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While most of us were still hooting and hollering over the New York Giants’ decision to trade superstar wide receiver Odell Beckham Jr., the Giants did at least sign a pair of Golden players. The first—Golden Tate—generated plenty of headlines because he’ll be attempting to help fill Beckham’s shoes. The second—Markus Golden—flew under the radar with a simple one-year, $3.75 million deal.
But the latter is also tasked with helping fill the big shoes left by high-priced pass-rusher Olivier Vernon, who’s now in Cleveland, and it’s possible he’ll surprise folks with a bounce-back 2018 campaign.
That’s right, bounce back. You might recall that the 2015 second-round pick posted 12.5 sacks and forced four fumbles in what probably should have been a Pro Bowl sophomore campaign. Giants defensive coordinator James Bettcher was in charge of the Arizona D then, and earlier this offseason, he remembered 2016 Golden as “one of the best pass-rushers in this league.”
The Missouri product tore his ACL in 2017 and wasn’t himself coming off said injury in 2018, but he says he’s fully healthy now, and a fresh environment should help.
“I’m hunting,” the 28-year-old said in May, per Pat Leonard of the Daily News. “I feel good. I feel like myself again.”
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Frank Franklin II/Associated Press
Yeah, every non-Beckham-related move the Giants made this offseason was overlooked, and even the key player the team got back from the Browns has been discounted.
But don’t look past Jabrill Peppers, who might actually have a high enough ceiling to avoid spending the rest of his career known only as “the guy for whom the Giants traded Odell Beckham Jr.”
It appeared to be a deal-breaker for general manager Dave Gettleman if the 2017 first-round pick out of Michigan wasn’t included in that deal for Beckham, and that makes sense considering the loss of star safety Landon Collins on the free-agent market.
Peppers has yet to live up to his sky-high predraft potential as a two-time first-team All-Big Ten safety, but he improved immensely in a sophomore season that included an interception, a sack, 79 tackles, three fumble recoveries and the 23rd-best PFF grade among 104 qualified players at his position.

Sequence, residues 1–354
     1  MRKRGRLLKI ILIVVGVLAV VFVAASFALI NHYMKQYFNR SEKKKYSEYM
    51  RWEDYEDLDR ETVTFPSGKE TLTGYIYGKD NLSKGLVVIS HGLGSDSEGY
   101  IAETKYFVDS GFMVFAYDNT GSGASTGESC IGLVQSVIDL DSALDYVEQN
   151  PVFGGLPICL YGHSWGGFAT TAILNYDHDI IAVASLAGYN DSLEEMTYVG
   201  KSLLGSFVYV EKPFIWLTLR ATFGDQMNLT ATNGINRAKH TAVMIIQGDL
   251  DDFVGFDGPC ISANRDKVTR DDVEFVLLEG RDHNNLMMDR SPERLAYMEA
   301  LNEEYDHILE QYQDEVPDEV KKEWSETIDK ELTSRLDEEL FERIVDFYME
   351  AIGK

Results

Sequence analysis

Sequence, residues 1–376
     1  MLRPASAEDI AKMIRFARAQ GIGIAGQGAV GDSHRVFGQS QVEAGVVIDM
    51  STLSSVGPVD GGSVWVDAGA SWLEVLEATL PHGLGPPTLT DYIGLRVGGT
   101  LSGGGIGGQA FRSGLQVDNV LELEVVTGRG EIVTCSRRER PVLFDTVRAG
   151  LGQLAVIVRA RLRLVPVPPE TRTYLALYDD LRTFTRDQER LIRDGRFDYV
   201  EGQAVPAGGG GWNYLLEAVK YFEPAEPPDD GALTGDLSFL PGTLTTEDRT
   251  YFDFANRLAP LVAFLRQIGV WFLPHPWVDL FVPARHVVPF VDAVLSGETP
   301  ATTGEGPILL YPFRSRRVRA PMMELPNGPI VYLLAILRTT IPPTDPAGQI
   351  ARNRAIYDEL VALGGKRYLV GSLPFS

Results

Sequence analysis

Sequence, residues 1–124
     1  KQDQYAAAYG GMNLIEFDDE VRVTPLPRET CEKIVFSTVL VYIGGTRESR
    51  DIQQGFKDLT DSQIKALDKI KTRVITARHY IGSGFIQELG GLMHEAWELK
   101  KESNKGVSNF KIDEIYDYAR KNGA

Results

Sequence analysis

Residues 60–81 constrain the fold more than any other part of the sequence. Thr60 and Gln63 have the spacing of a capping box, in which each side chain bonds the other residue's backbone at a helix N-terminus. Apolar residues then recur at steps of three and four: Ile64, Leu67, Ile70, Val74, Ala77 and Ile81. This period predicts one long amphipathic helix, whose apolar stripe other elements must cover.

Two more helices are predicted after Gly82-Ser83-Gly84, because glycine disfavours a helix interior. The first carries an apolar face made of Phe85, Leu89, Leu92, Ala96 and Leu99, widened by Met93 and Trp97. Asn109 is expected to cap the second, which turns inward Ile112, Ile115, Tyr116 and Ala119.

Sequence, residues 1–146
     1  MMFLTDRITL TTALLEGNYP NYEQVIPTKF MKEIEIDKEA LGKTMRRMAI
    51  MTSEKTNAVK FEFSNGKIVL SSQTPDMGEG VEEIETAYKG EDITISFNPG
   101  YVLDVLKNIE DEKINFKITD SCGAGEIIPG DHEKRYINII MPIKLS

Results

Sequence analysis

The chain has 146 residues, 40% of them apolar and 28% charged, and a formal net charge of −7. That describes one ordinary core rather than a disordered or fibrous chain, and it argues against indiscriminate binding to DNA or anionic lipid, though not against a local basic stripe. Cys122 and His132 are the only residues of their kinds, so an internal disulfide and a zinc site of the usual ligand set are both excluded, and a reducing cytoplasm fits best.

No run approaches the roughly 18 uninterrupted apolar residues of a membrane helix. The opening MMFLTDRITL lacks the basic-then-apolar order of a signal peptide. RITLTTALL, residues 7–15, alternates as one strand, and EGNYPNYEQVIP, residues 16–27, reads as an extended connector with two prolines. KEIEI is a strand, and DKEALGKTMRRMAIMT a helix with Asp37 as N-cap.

The 23-year-old could explode in his third season, which might eventually help Giants fans get over the Beckham deal.
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David Zalubowski/Associated Press
Six cornerbacks signed contracts this offseason with higher average annual values than the one Bryce Callahan inked with the Denver Broncos ($7 million per year), including another Denver acquisition, Kareem Jackson.
Jackson is a well-established outside presence, Denver also spent big bucks on Ja’Wuan James ($12.8 million over four years), and Callahan entered the offseason recovering from a broken foot, all of which explains why his signing has seemingly flown under the radar.
But Callahan was back on the field at organized team activities, and he could be in for another big season covering the slot for Vic Fangio, who took over as Broncos head coach after spending the past four years as Chicago’s defensive coordinator.
The 27-year-old Callahan didn’t receive a single penalty while ranking 11th in coverage among 131 qualified corners at PFF in 2018, making him one of the most valuable members of a Bears defense that surrendered a league-low 17.7 points per game.
And that was his second consecutive strong season, so there’s little reason to believe he won’t make a similar impression in Denver.